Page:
2 Systems Freelance Writers Need For Excellent Client Delivery


So you got yourself out there, booked a discovery call, and landed a client. Congratulations! You are well on your way to building a business as a freelance writer.  Except … where are your systems?

In the past few articles, I’ve been talking about the five foundations of a freelance writing business. This article breaks down foundation number four.


The thing people don’t tell you is that landing a client is just the beginning. You may think that now that you’ve proven your ability to make a sale, everything will be smooth sailing from here on out. The truth is, you’re just beginning. If you can’t deliver on what you’ve sold, you won’t be able to keep making sales for long.

The Truth About Delivery

Most people think delivery only refers to handing over the finished product. 

“Here you go, client. Here’s your sales page.”

That’s not quite accurate. Delivery actually refers to the entire process from the time that they sign on the dotted line and pay their deposit to the time that you send over the finished work. Delivery equals customer service, and customer service starts on day one.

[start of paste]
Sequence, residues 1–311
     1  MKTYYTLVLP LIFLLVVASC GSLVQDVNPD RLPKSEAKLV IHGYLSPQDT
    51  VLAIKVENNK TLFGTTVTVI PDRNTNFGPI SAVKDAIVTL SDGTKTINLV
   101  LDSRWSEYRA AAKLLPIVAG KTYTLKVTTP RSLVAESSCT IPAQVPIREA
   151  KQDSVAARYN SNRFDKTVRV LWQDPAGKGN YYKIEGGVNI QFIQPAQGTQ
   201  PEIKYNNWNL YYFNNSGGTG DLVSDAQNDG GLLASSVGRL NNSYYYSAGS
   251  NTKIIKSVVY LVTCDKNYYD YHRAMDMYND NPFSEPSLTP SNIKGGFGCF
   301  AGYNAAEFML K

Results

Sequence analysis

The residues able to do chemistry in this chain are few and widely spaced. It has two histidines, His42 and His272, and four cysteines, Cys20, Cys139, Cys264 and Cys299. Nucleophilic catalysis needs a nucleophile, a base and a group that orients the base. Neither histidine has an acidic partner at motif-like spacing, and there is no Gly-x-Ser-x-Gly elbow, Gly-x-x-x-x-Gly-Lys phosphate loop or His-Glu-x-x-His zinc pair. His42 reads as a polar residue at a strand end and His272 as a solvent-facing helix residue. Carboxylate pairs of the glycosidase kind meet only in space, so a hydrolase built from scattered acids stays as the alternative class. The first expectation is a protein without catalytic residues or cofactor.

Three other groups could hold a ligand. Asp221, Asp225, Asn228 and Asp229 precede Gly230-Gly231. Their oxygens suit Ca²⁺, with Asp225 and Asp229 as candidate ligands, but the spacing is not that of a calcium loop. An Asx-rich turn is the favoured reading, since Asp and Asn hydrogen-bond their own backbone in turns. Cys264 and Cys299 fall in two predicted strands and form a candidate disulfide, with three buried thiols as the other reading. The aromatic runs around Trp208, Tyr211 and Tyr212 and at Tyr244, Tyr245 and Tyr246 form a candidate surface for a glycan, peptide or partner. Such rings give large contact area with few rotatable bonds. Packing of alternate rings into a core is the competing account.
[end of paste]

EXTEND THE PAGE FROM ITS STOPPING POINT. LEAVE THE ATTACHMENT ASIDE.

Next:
In order for you to provide your client with the best experience possible, you need to have the right systems and processes in place in order to serve them well throughout the entire project. Let’s talk about what those are.


The first system you want to have in place as you serve clients is an onboarding system.  Having an onboarding system doesn’t just benefit the client. It benefits you too.  Having a set, repeatable system – the things you do for every client when you onboard them – not only saves you time, but it allows you to streamline things. If you always do the same things when you onboard a new client, you can easily train a VA or assistant to take over some of those responsibilities.

Welcome Email

So what’s included in a good onboarding system? Let’s break it down. First, you’re going to need a welcome email. This email lets the client know you’re excited to work with them and sets the expectation for what your communication will look like going forward.

In the welcome email, you will give them instructions on what their next steps are. They’re not going to automatically know what information you need in order to get started, so it’s up to you to make that clear to them. That leads us to the next thing you’re going to need.

Info Forms